Silkenclaw Cattery

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Richard and Linda Koehl, tired of the city life and its intense demands, made a big career change and began farming cherries in the Dalles, Oregon, USA. At some point they found there was a pest problem, particularly in the barn and decided to buy some cats to help keep the rat population at bay. Linda named one of these cats Speedy. In 1982 Speedy gave birth to a litter of kittens. One of these kittens was born completely bald. Linda would later describe the kitten as one of the ugliest things she had ever laid eyes on, and was convinced at the time that the kitten would more than likely die. But the ugly duckling would later grow into a swan. Soon enough the bald kitten grew rapidly and with that grew a long, soft and very curly coat, which lead to her name: Curly.

Curly received no special treatment as with the other barn cats. However Linda quickly noticed a very different personality in this special cat. The other barn cats generally didn't give much attention to the humans on the farm. Curly would regularly approach Richard, Linda and any guests that arrived on the farm, begging for love and attention.

One particular incident nearly led to Curly's demise. One day she climbed into the housing of a pick-up. When someone started the vehicle she was injured by the fan. She survived and was rushed to the vet. Under normal circumstances a cat may easily have been hysterical, particularly when taking into the consideration that Curly lived outdoors and none of the barn cats received regular human contact. However Curly lavished the attention and amazed the vet by responding to his jabs, wrappings and tugs with purrs, head butts and kisses. Curly moved indoors thereafter for her recovery and it was then when the Koehls fell completely in love with her.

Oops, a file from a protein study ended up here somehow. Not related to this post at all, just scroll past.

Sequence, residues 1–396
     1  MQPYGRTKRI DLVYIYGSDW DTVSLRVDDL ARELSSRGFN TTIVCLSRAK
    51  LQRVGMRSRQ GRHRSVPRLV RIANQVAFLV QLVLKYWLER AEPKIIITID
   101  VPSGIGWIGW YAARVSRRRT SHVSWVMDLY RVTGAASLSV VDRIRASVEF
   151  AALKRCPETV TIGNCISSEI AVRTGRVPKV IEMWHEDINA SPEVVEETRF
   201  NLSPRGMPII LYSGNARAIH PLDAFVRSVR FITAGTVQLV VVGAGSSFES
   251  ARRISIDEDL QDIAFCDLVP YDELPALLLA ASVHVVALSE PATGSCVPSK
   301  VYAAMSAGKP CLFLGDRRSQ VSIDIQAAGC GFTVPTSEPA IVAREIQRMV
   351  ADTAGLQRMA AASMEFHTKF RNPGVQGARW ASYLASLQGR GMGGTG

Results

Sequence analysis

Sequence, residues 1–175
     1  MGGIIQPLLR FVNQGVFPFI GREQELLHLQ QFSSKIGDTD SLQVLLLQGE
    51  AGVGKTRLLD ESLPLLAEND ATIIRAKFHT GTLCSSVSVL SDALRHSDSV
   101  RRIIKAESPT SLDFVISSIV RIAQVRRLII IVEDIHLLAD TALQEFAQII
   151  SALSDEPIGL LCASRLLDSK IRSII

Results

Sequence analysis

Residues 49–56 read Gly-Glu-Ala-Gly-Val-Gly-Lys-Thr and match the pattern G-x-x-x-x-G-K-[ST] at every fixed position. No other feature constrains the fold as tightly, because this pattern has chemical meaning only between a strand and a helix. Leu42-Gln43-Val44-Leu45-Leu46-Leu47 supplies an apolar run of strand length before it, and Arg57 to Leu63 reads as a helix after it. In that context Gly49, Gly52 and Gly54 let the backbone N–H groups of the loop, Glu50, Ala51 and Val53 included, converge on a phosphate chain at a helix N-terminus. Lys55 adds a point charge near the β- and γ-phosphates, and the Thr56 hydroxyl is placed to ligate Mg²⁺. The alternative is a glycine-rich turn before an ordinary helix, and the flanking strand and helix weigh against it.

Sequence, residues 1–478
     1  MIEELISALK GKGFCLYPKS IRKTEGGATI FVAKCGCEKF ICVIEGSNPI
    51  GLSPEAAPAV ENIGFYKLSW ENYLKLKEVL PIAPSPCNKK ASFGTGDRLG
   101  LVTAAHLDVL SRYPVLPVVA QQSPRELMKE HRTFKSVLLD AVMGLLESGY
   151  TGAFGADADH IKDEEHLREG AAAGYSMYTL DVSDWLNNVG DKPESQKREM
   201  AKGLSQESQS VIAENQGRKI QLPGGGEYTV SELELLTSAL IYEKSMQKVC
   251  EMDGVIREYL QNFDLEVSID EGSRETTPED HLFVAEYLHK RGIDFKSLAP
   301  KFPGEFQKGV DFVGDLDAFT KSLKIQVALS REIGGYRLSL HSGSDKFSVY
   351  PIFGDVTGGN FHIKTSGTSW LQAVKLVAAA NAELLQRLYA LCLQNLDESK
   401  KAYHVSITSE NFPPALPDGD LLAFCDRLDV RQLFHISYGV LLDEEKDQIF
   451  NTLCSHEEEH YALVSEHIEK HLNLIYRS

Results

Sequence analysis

No control was kept over the population of barn cats on the farm and one night Linda heard a disturbing racket coming from outside. Dogs were barking hysterically. It was the middle of the night and a thunderstorm was booming from the heavens. Yet she grabbed her rain coat and torch to find a group of dogs surrounding Curly under a tree, straddling her newborn kittens. Linda steered the dogs off and quickly draped the kittens into her pockets and laid a nest for them in the barn. All five of the male kittens that were born grew beautiful soft curls. None were neutered and they became the foundation of the LaPerm breed.

An apple faced Siamese happened to wander in to the farm one day to stay. Thereby introducing pointed and chocolate cats into the LaPerm gene pool. When people started commenting on the unusual cats on the farm, Linda took a few to her first show at the Cat Fanciers Association (CFA), the largest and oldest cat fancy in the world. Several key players in the USA cat fancies gave Linda great support, including Kim Everett, Sloveig Pfleuger, Anne D Lawrence, Dennis Ganoe and others.

Some confusion reigned in the early years as to why some LaPerm kittens were born with hair, others bald and even more confusing there were cases where straight haired kittens were born. It was presumed these kittens were simply variants as a result of outcrossing. However after a few weeks the kittens rapidly started loosing their coat. In time their coats grew back as curly as their siblings. Experts at the time wondered if Linda's cats did not in fact have three very different genes at work. To keep track of this and discover whether this was in fact the case, breeders were requested to use the initials BC (Born Curly), BS (Born Straight) and BB (Born Bald) in the registration of the kitten's pedigreed names. Later it was realised that there was only one gene in effect influencing the coat, but the use of the initials became a tradition amongst LaPerm breeders and nearly all still register their kittens using the abbreviation today.

Careful consideration was given towards the name. The area in which Richard and Linda's farm is situated is the sacred territory of the Wishram people, a Chinook speaking tribe who traditionally made a living netting, drying and trading salmon from the Columbia river. The area still contains rock carvings of the goddess Tsagaglala. Linda chose to follow the Chinookan tradition of adopting French words whilst incorporating the definite article to create a new word: the name of LaPerm was adopted, though some still refer to the breed as the Native American Rex.

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